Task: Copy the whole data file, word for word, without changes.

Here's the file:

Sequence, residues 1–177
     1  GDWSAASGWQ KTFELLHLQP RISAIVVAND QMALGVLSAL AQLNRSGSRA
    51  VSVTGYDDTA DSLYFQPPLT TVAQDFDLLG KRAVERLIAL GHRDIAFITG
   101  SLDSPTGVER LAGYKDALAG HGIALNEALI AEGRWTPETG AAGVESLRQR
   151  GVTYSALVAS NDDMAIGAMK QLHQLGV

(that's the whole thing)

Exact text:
Sequence, residues 1–177
     1  GDWSAASGWQ KTFELLHLQP RISAIVVAND QMALGVLSAL AQLNRSGSRA
    51  VSVTGYDDTA DSLYFQPPLT TVAQDFDLLG KRAVERLIAL GHRDIAFITG
   101  SLDSPTGVER LAGYKDALAG HGIALNEALI AEGRWTPETG AAGVESLRQR
   151  GVTYSALVAS NDDMAIGAMK QLHQLGV